We grew potatoes and ate them almost every day; the potatoes were kept in a massive pile on the cement floor of an unfinished basement in a far corner. I hated getting potatoes from the cellar. The cellar was incredibly dark, with only one light bulb that required you to pull a string to turn it on. I’d have to run into the middle of the basement, flail my arms around to find the string, turn on the light, and then fill a pan with potatoes. The basement was full of all kinds of bogymen determined to kill and eat me in the dark. The spiders always seemed to have a national convention going on in our basement. After getting the potatoes, I’d run up the stairs, narrowly escaping the monsters who were after me. The worst part was being sent back down into the abyss by my mother to turn off the light. I knew the demons were waiting for me. It’s a miracle that I’m alive to tell the story.

We used to be able to buy real firecrackers for Victoria Day. I can still smell the sweet aroma of dynamite smoke wafting through the air. If you were brave enough, you could stick the midsized firecrackers in a hanging wasp’s nest and blow it to kingdom come! The big ones were called “blockbusters,” probably because they could blow up a city block, but we never found those. I think the big ones were reserved for the army or blowing up beaver dams.

The smallest firecrackers were called “ladies fingers” and came in packets of 50 bound with a piece of extra-long fuse. Once, we took apart the ladyfingers pack, put one cracker in each tulip head in Mrs. Vandenaaker’s garden, and attached all the crackers to the long fuse.

We lit the fuse and ran and hid in some bushes and watched in awe as the tulips exploded one at a time. Mrs. Vandenaaker came out after hearing the noise from the first few, watched in shock as her tulips were blown to smithereens, and screamed bloody murder. A scream that could be heard all over the neighbourhood. The news went all over town, but the terrorists went undetected. I heard about it from my parents at mealtime. “Kids nowadays, they have no respect! What kind of families do they come from?” It was hard to hear, but I was too embarrassed to fess up. I’m surprised now that I would do such a thing. I knew and liked Mrs. Vandenaaker. For years I’d feel guilty when I saw her. The firecrackers seemed to want to be destructive and enlisted boys with creative minds to do their bidding. There were many cruel things boys did with firecrackers. I won’t list the things we did here in case a kid reads this story.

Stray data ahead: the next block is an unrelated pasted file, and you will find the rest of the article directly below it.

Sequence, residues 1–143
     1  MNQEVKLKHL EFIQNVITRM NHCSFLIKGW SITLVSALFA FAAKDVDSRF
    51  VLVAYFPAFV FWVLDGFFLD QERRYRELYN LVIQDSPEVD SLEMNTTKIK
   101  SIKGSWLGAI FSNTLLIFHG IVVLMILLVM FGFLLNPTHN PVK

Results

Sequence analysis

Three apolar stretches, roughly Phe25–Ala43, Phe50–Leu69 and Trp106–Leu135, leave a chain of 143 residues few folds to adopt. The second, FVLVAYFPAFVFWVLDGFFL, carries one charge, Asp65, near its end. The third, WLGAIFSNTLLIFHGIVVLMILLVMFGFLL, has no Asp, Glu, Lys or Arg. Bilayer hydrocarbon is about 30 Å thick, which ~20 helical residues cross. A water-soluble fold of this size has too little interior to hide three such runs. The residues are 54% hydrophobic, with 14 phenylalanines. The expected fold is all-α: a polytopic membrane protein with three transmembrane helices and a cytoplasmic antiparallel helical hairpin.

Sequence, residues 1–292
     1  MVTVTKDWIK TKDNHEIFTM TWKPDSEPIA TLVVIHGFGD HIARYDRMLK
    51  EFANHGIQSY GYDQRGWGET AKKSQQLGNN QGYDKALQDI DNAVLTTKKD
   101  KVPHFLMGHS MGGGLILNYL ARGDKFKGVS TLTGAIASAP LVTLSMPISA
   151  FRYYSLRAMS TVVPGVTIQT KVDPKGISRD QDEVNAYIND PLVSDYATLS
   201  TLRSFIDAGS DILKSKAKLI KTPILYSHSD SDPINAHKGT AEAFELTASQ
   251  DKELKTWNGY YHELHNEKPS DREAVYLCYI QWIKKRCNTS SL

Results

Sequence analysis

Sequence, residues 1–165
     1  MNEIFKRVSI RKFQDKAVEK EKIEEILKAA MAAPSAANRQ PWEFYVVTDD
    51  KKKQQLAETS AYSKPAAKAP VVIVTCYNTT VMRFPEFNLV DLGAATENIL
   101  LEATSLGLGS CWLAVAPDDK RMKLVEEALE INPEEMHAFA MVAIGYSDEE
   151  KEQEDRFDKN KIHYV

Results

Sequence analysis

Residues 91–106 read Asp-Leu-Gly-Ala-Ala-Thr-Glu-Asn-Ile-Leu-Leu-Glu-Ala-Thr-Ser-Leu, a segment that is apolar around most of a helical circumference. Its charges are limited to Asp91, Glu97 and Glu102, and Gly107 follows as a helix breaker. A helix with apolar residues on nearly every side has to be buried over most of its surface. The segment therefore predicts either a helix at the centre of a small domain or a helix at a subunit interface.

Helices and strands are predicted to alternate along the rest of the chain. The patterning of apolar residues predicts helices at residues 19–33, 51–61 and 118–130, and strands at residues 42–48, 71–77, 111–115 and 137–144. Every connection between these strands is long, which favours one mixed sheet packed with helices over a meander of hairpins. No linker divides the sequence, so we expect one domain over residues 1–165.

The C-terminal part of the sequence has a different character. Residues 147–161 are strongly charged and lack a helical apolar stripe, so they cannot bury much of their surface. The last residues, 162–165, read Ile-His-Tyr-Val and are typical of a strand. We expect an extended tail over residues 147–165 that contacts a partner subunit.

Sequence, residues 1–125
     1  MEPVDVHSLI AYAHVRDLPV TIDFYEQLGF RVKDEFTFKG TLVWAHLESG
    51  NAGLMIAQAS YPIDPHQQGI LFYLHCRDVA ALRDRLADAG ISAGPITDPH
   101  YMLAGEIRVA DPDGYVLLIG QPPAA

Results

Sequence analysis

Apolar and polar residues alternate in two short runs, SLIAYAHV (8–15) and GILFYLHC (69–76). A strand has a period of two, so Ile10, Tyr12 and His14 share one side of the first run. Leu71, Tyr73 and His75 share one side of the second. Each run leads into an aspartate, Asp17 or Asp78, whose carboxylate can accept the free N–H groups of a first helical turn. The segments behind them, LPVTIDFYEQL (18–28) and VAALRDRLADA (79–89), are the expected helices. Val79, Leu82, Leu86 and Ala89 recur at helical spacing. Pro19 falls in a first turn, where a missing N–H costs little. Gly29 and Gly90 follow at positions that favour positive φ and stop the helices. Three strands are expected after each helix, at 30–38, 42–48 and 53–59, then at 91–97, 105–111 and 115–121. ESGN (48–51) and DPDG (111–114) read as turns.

As it turned out, the hippy movement arrived just in time to temper my destructive instincts, so I spread peace and love around instead. “Make bagels, not bombs” was the slogan on my favourite tee-shirt. I’ve since eased up on the bagels to fit into my tee shirts, but that’s another story.

Queen Wilhelmina’s birthday (Aug.31st) marked the time to pull most of the garden in before the early Alberta frosts of fall. We could look forward to many meals of kale, sausage, and potatoes called Stompot. Alberta was named after Prince Albert. One queen for spring and the other one for fall bookended my gardening life as a child.

Life itself is a gift full of wonder and miracles. When you find something worth celebrating, whether it is the birthday of a long-deceased monarch or the day your kid learned to ride a bike, you join the celebration of our lives and of those around us. Thanks, Victoria, for giving us the celebration of planting gardens. Most of us Canadians love gardening and will be out in the yard on your birthday. Happy Birthday!